Response to "Things to Avoid When Writing CSS"

This post is in response to Heydon's articles "Things to Avoid When Writing CSS" and "Things to Avoid When Writing CSS (Part 2)".

They're both well written articles that make some excellent points. If you haven't read them yet none of this post will make sense, so go read them now. I'll wait.

Ok, a few notes before we get started. I use LESS, so I'm going to reference LESS, and use examples in LESS. I make no claims as to whether LESS or Sass or Stylus or your-preprocessor-of-the-week is better or worse, it's just the tool I happen to prefer. The points I make using LESS hold for every preprocessor I've used.

I also use BEM syntax, but specifically I use the early variant described in "MindBEMding - getting your head 'round BEM syntax". Again, I make no claims as to whether BEM or OOCSS or SMACSS or your-modular-CSS-organization-technique-of-the-week is better or worse, it's just the tool I happen to prefer. The points I make using BEM hold for every organizational technique I've used.

Multiple Files

For each discrete bit of javascript functionality or each HTML partial I might make a dedicated file, then organize related files into folders named javascript and html or controllers and templates.

This doesn’t work so well for CSS.

I strongly disagree with this sentiment.

Javascript function definitions can go either before or after where they are called and HTML modules can be inserted wherever you see fit in the flow of the document.

Splitting up CSS is similar to splitting up JS, and here Heydon even acknowledges this similarity. What's also similar for modularization is dependencies. Consider the following JavaScript:

<script src="jquery.js"></script>
<script>
    $(function () {
        $('.hello').click(function () {
            console.log('Hello World!');
        });
    });
</script>

It would be reasonable to organize this script into two separate files:

<script src="jquery.js"></script>
<script src="hello-world.js"></script>

It would be reasonable to use a tool like browserify to merge them into a single file:

//script.js
var $ = require('jquery');
$(function () {
    $('.hello').click(function () {
        console.log('Hello World!');
    });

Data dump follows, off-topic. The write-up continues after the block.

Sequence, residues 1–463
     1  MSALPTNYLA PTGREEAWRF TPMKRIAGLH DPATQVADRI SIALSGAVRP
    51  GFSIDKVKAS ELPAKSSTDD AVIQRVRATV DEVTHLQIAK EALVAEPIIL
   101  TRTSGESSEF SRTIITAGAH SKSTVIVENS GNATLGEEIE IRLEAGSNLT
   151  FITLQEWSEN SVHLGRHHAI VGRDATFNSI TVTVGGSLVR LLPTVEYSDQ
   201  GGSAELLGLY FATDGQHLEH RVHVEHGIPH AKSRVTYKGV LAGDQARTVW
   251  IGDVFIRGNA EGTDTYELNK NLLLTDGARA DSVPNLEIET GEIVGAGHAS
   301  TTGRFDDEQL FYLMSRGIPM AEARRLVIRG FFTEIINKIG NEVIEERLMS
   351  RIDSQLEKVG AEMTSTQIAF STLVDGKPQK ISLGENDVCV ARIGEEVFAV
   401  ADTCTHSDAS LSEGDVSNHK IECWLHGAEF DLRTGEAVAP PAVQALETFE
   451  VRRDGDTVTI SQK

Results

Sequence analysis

});

But it is unreasonable to expect the original script to work in the reverse order:

<script>
    $(function () {
        $('.hello').click(function () {
            console.log('Hello World!');
        });
    });
</script>
<script src="jquery.js"></script>

The same is true of CSS.

CSS, on the other hand, is a chronology. It matters a great deal in what order you declare styles.

In JS it also matters what order functions are called in.

Heeding the language features of inheritance and specificity, you should start with generic styles (like a font-family set on body) and progress to more specific definitions.

I agree with this

CSS is an ordered, exception based language and there is no easy way for a file listing (which is typically organised alphabetically) to represent it coherently.

I disagree with this. The trick to organizing multiple CSS files is similar to organizing multiple JS files. I recommend using a build tool to reduce HTTP requests, but at the end of the day the organization is the same whether organized via a series of <link> elements, or a series of @import statements in a LESS file.

In JavaScript, base dependencies must exist before any functionality that depends on them can execute. The same is true for CSS. The difficulty is in determining what the base dependencies are. These should generally be element selectors and resets.

Identifying the separate files is generally pretty simple. reset.css or normalize.css is an industry standard at this point, if you're using NPM you can even leave it in node_modules. Core styles depend on the reset, so my root LESS files often start with:

@import (inline) 'normalize.css/normalize.css';
@import 'core.less';

So you have two choices: You can either live in denial, grumbling that “specificity shouldn’t be part of CSS” as you try to force a square peg into a round hole, or you can work in one, well-commented file that clearly represents the arc of your inheritance-harnessing cascade.

This is a false dichotomy. Multiple stylesheets works well when dependencies are clear.

Continuing my example from above. When you take the modular approach to CSS by splitting it into multiple files, you also need to make sure to obey the same rules as you would in other programming languages. Specifically I'm referring to SOLID. The first being SRP, each CSS file must represent a single module. No more, no less.

If you've got two components, widget and gizmo, you should separate them into separate files.

@import (inline) 'normalize.css/normalize.css';
@import 'core.less';

//components
@import 'components/widget.less';
@import 'components/gizmo.less';

In widget.less you should expect to see some code along the lines of:

.widget {
    ...
}

and in gizmo.less you should expect to see some code along the lines of: